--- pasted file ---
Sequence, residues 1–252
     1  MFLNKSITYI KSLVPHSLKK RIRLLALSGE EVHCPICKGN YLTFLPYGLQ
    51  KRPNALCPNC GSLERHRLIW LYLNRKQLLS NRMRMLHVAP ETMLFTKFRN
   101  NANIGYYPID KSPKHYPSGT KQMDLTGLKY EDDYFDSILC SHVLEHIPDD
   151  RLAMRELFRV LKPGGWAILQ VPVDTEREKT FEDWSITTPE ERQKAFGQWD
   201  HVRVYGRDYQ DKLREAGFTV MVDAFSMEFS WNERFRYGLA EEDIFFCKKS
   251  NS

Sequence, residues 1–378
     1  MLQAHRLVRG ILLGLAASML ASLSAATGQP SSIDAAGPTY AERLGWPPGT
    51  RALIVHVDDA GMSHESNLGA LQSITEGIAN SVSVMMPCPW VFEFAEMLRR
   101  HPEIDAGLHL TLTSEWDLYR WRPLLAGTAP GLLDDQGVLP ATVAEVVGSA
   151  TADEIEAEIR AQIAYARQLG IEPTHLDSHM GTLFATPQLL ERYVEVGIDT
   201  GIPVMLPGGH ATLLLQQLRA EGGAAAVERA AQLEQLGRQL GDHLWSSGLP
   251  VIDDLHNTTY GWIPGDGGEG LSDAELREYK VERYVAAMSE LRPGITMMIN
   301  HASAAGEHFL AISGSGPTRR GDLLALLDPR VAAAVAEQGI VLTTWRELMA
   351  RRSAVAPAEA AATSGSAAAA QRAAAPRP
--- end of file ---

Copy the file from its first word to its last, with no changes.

Sequence, residues 1–252
     1  MFLNKSITYI KSLVPHSLKK RIRLLALSGE EVHCPICKGN YLTFLPYGLQ
    51  KRPNALCPNC GSLERHRLIW LYLNRKQLLS NRMRMLHVAP ETMLFTKFRN
   101  NANIGYYPID KSPKHYPSGT KQMDLTGLKY EDDYFDSILC SHVLEHIPDD
   151  RLAMRELFRV LKPGGWAILQ VPVDTEREKT FEDWSITTPE ERQKAFGQWD
   201  HVRVYGRDYQ DKLREAGFTV MVDAFSMEFS WNERFRYGLA EEDIFFCKKS
   251  NS

Sequence, residues 1–378
     1  MLQAHRLVRG ILLGLAASML ASLSAATGQP SSIDAAGPTY AERLGWPPGT
    51  RALIVHVDDA GMSHESNLGA LQSITEGIAN SVSVMMPCPW VFEFAEMLRR
   101  HPEIDAGLHL TLTSEWDLYR WRPLLAGTAP GLLDDQGVLP ATVAEVVGSA
   151  TADEIEAEIR AQIAYARQLG IEPTHLDSHM GTLFATPQLL ERYVEVGIDT
   201  GIPVMLPGGH ATLLLQQLRA EGGAAAVERA AQLEQLGRQL GDHLWSSGLP
   251  VIDDLHNTTY GWIPGDGGEG LSDAELREYK VERYVAAMSE LRPGITMMIN
   301  HASAAGEHFL AISGSGPTRR GDLLALLDPR VAAAVAEQGI VLTTWRELMA
   351  RRSAVAPAEA AATSGSAAAA QRAAAPRP